Thursday, May 31, 2007

An open letter to Representative Jim McDermott

Dear Representative Jim McDermott:

We are writing in regard to an urgent labor rights situation unfolding in a Guatemalan apparel factory located in the city of Villa Nueva. Workers at the Cimatextiles factory, owned by the South Korean company Modas Choishin, were informed on Saturday, May 19 that the factory would suspend operations for three months, in violation of the terms of Guatemalan law. These workers are represented by SITRACIMA, one of only three unions within Guatemala’s apparel industry, which is made up of some 200 factories. Not only has the suspension of work been procedurally illegal, it has been accompanied by actions of increasingly serious intimidation and harassment against the union members, including acts of physical aggression, temporary deprivation of liberty (locking them in the factory), and threats of violence.

We are students, alumni, and faculty at the University of Washington. Many of us are involved with the UW human rights seminar that takes students to Guatemala and in which meeting these very women is integral to the lesson plan. This summer is the program’s third; if the women are able to meet in July, this may be the last class to speak with these women, and the last class to see the fruits of their struggle. The women have contacted us directly and asked us to take urgent action on their behalf. This crisis deeply affects us. As your constituents, we ask you to support these women.

The gravity and frequency of the acts of intimidation constitute a clear violation of workers’ right to free association, established in Articles 34 and 102 (q) of the Guatemalan Constitution. The Guatemalan Labor Code prohibits, in Article 10, retaliations against workers for attempting to exercise their rights, and in Article 62, forbids attempts to force workers to withdraw from unions. At the level of international law, the ILO Conventions 87 and 98 clearly establish the right to organize and bargain collectively, as does Article 22 of the American Declaration on the Rights and Duties of Man.

In addition to breaches of these most basic human rights, there have been numerous violations of the procedures outlined in Guatemalan Labor Code for the suspension of employment contracts. In particular, Article 73 of the Labor Code specifies that employers must make a written request to the Ministry of Labor for permission to suspend contracts, and that the Labor Inspectorate must then determine whether the causes of suspension are valid. We understand that officials from the Labor Ministry have not received written notice from the company in this case. Company representatives stated that due process was followed, but the Labor Inspectorate has not verified that claim.

As a party to the Dominican Republic-Central America Free Trade Agreement , the Guatemalan government has an international obligation to enforce its own labor laws (DR-CAFTA, Article 16.2.1(a)). As of this point, the Guatemalan government has not enforced these laws. Consequently, the crisis situation has continued within Cimatextiles, where workers are taking turns sleeping overnight to prevent the closure of their factories and permanent loss of their jobs despite threats on the part of ownership.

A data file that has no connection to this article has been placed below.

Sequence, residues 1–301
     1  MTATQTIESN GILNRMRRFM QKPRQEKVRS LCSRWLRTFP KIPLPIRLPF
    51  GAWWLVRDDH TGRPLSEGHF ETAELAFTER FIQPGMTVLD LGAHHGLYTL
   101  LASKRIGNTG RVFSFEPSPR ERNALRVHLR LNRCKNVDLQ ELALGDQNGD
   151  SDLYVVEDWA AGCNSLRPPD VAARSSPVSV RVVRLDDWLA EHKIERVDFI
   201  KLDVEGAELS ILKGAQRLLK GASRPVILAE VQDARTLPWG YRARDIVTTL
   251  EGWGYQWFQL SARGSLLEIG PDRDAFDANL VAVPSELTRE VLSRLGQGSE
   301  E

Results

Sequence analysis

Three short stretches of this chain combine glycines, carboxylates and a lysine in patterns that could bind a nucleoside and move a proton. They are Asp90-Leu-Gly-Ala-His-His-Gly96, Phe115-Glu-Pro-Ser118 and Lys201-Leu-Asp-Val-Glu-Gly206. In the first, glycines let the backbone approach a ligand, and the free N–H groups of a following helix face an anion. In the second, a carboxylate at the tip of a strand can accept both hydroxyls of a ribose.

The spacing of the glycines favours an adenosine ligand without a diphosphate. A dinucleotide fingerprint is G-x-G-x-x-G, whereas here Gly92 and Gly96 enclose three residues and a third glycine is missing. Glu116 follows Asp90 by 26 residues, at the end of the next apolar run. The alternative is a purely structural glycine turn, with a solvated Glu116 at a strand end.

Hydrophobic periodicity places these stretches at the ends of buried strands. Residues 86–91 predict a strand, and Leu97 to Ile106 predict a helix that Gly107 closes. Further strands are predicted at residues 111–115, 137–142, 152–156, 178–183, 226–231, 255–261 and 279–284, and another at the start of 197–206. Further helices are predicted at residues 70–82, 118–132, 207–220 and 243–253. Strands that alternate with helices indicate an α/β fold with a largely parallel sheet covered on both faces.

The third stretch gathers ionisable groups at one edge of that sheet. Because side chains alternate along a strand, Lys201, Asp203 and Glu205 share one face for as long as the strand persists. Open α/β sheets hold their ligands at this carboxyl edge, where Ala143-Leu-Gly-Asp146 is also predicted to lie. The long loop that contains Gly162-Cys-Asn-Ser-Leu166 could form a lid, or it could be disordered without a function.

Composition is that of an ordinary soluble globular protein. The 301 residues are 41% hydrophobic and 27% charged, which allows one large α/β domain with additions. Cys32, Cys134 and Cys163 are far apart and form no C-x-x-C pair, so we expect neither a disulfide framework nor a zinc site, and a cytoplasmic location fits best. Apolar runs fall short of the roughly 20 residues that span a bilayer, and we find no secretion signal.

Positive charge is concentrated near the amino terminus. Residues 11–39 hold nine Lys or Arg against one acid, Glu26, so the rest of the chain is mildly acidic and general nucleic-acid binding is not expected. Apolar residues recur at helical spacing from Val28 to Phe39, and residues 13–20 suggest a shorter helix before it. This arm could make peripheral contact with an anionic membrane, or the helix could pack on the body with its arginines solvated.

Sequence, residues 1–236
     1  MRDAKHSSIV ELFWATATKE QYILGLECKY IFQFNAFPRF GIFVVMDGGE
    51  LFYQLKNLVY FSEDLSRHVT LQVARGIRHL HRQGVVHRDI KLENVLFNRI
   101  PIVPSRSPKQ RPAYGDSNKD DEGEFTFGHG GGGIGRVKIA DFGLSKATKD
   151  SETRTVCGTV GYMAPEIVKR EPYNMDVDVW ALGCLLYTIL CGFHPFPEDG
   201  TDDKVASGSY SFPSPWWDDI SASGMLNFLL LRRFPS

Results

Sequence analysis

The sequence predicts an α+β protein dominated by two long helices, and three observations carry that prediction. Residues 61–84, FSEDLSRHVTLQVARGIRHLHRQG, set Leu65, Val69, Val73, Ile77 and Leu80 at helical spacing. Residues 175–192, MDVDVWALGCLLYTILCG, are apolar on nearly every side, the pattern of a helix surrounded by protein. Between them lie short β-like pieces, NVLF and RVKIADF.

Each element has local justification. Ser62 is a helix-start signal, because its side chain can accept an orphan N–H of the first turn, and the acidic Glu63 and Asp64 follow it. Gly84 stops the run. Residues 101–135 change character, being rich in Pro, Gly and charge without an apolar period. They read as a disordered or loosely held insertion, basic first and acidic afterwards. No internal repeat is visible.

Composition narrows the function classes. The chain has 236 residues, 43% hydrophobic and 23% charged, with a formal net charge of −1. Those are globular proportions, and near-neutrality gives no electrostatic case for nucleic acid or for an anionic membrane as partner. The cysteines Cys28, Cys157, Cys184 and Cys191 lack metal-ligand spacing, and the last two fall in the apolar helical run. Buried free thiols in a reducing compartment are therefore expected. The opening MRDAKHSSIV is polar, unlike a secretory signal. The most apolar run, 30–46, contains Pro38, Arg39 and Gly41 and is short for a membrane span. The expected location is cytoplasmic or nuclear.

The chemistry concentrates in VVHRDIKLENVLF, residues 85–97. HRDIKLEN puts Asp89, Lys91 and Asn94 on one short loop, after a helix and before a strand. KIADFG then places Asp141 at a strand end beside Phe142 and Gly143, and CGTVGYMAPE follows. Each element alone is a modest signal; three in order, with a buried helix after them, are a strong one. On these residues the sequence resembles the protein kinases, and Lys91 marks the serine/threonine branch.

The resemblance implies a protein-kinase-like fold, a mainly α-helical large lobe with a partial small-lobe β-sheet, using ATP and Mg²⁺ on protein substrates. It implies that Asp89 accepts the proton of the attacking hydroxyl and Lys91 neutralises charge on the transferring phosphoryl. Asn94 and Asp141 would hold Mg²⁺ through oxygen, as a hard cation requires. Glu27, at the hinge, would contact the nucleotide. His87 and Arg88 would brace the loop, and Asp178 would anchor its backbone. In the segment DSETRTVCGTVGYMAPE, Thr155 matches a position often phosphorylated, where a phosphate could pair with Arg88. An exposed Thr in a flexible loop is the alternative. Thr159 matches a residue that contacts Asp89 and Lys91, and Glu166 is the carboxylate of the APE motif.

In response to this situation, and as a productive step toward resolving the crisis, the SITRACIMA union is calling for the creation of a “High Level Commission” of stakeholder groups. The proposed Commission would include representatives of the US Embassy in Guatemala, the South Korean Embassy in Guatemala, the Guatemalan Ministries of Labor and Economy, the US brands LCI (Liz Claiborne) and Talbots, the Korean Choi Shin Corporation, the Fair Labor Association (FLA), the independent COVERCO labor rights monitoring organization, the labor federation FESTRAS, and the Textile Apparel Commission VESTEX.

In support of this proposal, we urge the United States Government to direct its Embassy in Guatemala to facilitate the creation of the proposed High Level Commission and take part in its efforts to resolve this dispute. Furthermore, we ask you to encourage the Korean embassy and the relevant Guatemalan ministries to join the commission.

Thank you for your attention to this urgent matter.

Brandon Ballinger
Masha Burina
Dr. Angelina Godoy
Stacey Fernandez
Amanda M. Fulmer
Kalila Jackson-Spieker
Alyssa Kahn
Martina Kartman
Alexandra Larsson
Jillian Leslie
Jessica Michelle Nance
Phil Neff
Rod Palmquist
Veryl Pow
Khadyja Reinhardt
Tim Richards
Maya Sparks
Ariana Taylor-Stanley
Travis Thomas
Carrie Vincler
Nick Wong

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The workers at the Guatemalan factory CimaTextiles formed a union in 2001. They won a collective bargaining agreement in 2003, and since then have struggled to protect their gains. The corporation which owns the factory, Choi & Shin Co., Inc., consistently tries to break the union's back, and has since its inception. etc. etc. Here is the union's wiki. Here are the pictures from the protest. Here is the urgent action.

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